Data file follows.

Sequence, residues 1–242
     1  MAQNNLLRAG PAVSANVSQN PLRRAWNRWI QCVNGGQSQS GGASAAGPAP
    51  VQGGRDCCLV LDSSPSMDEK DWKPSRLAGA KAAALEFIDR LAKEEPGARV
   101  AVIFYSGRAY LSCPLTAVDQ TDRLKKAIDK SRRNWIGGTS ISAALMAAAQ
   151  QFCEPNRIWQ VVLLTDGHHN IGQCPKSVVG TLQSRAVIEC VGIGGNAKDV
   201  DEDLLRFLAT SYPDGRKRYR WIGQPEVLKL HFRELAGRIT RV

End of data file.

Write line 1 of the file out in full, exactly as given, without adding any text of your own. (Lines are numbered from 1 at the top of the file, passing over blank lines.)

Sequence, residues 1–242